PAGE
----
Wednesday, March 28, 2007

The Economics of Residency Part III: Payment

Many people don't know this, but Medicare, when they aren't collecting money from residents paychecks as employees, actually gives every residency program a student stipend for every resident that they take. This can be a six figure stipend. In that same vein, hospitals are not allowed to bill for the work that residents due. If my understanding of this process is correct, this stipend is actually modified as a ratio of the Medicare work done at the hospital (Someone please correct me on this one point if I am mistaken). Hospitals pay residents and provide all benefits given to residents with this stipened. The astute observer who read my previous post would notice that this leaves the hospital with a hefty payment in exchange for training the resident. This of course, leads to another contradiction.

Hospitals receive a significant benefit for having residents available. They cover the floors, they operate on low level cases with minimal supervision, they "move the meat" so to speak in the ED, and they provide 24 hour call coverage that often prevents attendings with hospital priveleges from having to come in at 2:00 AM. Hospitals cannot bill for resident's work directly, but they can bill for hospital services, and because residents often perform these services, the hospital bills for them indirectly.

Moreover, because resident's cannot bill when they are actually performing higher level physician functions, there is a perverse incentive to engage residents in scut work. A resident costs the same whether he does 100 blood draws or scrubs in on an interesting case beyond his current skill level. However, when he does 100 blood draws, the hospital doesn't have to hire a phlebotomist. This saves them money. If he scrubs in on an interesting case beyond his skill level (where he might learn something), the hospital not only cannot charge for his presence in the room, but he will actually slow down the attending physician who CAN bill. Thus, the incentive is exactly the opposite of what would be expected from a residency program.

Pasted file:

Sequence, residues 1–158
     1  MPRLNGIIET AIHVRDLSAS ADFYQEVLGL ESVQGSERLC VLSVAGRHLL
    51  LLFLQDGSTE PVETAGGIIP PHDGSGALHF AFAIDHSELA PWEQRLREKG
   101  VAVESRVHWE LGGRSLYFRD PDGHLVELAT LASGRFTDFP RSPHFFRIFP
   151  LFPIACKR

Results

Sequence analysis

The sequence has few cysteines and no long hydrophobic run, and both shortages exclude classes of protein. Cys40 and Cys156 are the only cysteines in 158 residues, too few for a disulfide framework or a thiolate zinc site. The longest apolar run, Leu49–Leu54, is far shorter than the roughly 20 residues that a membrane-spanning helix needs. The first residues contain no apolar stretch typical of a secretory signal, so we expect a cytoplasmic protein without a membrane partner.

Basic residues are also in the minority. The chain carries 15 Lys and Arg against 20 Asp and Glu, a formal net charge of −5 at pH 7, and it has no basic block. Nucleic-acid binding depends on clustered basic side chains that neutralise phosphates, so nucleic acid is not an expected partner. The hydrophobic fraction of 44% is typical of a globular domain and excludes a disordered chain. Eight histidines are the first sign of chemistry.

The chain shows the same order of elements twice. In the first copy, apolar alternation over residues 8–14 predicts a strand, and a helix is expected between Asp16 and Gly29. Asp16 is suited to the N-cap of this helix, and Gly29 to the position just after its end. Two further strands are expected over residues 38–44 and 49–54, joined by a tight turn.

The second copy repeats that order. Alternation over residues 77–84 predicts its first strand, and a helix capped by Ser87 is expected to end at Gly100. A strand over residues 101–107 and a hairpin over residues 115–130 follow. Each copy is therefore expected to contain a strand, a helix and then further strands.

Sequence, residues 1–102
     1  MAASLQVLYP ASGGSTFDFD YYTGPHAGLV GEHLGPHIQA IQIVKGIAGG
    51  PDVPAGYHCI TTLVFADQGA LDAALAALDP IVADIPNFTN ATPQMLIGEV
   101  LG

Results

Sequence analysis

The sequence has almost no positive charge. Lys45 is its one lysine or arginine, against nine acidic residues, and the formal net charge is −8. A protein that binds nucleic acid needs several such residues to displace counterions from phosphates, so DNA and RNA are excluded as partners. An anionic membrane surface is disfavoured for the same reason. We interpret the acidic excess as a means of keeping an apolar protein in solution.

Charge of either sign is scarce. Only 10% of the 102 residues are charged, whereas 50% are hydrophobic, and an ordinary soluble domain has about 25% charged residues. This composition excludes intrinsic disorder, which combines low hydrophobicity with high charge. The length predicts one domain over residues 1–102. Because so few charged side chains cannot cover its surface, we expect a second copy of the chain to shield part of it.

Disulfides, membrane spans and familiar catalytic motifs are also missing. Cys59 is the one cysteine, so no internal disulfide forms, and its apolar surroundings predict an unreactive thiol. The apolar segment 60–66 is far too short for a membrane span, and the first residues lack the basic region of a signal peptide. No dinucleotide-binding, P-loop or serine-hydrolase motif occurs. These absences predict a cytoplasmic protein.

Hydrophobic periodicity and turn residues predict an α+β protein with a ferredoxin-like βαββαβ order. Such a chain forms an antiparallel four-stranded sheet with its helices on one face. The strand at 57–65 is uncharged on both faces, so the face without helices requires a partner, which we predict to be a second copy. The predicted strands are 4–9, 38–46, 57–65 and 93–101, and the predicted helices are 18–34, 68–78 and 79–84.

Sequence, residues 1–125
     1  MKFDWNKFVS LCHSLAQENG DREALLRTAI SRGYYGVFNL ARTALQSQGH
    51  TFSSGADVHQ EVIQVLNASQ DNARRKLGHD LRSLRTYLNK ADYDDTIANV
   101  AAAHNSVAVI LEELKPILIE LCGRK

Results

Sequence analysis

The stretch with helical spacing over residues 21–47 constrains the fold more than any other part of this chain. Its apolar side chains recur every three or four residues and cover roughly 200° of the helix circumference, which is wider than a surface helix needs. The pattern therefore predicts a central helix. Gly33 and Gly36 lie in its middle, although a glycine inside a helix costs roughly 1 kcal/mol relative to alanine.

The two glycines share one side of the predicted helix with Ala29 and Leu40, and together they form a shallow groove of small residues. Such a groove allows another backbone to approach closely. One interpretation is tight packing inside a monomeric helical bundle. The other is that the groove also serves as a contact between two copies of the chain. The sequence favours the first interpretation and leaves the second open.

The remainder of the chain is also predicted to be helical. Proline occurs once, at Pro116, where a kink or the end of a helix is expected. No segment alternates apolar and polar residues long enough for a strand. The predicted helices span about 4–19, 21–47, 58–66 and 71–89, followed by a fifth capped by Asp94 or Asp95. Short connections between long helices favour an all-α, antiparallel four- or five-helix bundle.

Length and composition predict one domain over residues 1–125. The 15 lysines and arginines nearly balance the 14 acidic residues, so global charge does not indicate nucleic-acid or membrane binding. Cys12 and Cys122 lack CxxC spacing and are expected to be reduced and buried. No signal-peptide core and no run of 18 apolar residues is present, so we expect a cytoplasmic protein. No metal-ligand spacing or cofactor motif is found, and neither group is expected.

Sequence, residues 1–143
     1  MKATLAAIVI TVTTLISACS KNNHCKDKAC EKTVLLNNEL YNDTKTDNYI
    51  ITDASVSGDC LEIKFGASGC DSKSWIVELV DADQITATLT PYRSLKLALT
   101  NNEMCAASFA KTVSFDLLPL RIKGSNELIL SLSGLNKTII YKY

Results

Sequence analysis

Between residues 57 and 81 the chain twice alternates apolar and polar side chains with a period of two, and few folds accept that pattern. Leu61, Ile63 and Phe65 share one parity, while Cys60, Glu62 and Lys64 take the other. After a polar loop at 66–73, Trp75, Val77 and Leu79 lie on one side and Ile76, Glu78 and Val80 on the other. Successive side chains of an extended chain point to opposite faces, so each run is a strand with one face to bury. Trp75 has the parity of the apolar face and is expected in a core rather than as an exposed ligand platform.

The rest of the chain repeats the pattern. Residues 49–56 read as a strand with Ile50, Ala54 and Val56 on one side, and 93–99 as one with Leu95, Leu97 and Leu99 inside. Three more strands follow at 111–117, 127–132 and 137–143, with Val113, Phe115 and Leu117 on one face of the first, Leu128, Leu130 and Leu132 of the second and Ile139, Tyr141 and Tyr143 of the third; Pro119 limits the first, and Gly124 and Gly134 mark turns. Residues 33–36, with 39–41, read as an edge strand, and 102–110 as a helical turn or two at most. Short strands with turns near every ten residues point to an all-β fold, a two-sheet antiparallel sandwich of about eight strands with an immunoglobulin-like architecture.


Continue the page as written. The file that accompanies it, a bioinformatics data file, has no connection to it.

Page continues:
Flying in the face of many years of tradition, I hereby move that the Medicare stipend be removed and residents be allowed to bill for the work that they do. This would accomplish two things:

1. Hospitals would have an economic incentive to use residents efficiently. Having a resident actually engaged in productive activity is probably better for educational purposes than having them engaged in scut. Also, this would put residents on the same billing level atleast as the hospital PAs and NPs, diminishing the backwards incentive for hospitals to not hire necessary coverage. Higher resident billing rates would reduce incentive for having them do the work of ancillary staff.

2. Programs would have an economic incentive tfor teaching residents skills early, as the program could actually benefit economically from having a resident who could bill for those cases. The resident should also be able to bill as an assistant. As unfond as I am of Medicare, if they absolutely must be involved, paying the resident as an assistant rather than giving the program a lump sum would be a much better incentive.

Also, as long as residency is required for certification, hospitals should be required to reimburse residents atleast a portion of what they actually generate. I'd love to let the market sort out this mess, but that can't happen within the controlled licensing system. Until the system changes, residents cannot fairly negotiate these rates themselves, and there has to be some sort of legitimate recompense for work completed.

There is however, a significant barrier to implementation of any change towards autonomy. Like most things these days, it lies in liability. Stick around for my next post on malpractice.


Anonymous Anonymous said...

As a closeted capitalist with strong liberal leanings I would generally approve of your market-focused approach, but its application in this arena is, I think, naive, selfish and inhumane (sorry).

That said, I think your proposal about how to pay residents makes a lot of sense.

I would like to hear some of the potential problems with your suggestion as well.


5:43 PM  
Blogger MiamiMed said...

Thanks for the reply.

I think that when we talk about inhumane, we need to realize what the current system actually does. I'm not opposed to charity. I just don't believe that charity is a justification for force. If you believe that me wanting to have control over whom I am charitable to and how charitable I am is selfish, then I am quite guilty.

With regards to resident payment, and the potential problems with the system, I'd love to hear your opinion as to what they are. These ideas are still pretty rough on my part, and I'd love some backup in terms of defining a better way.

12:43 PM  
Anonymous Anonymous said...

This is exactly the problem with policy proposals that value equality over freedom. Most "compassionate" or "humane" programs effectively coerce citizens to participate in charity. How this is noble, or moral, or whatever you would like to call it is lost on me. Of course, the alternative is to leave legislation out of charity, and leave free individuals the decision whether or not to participate. What this demonstrates is the idea that voters are generous with other people's time and money, but not with their own.

2:26 PM  

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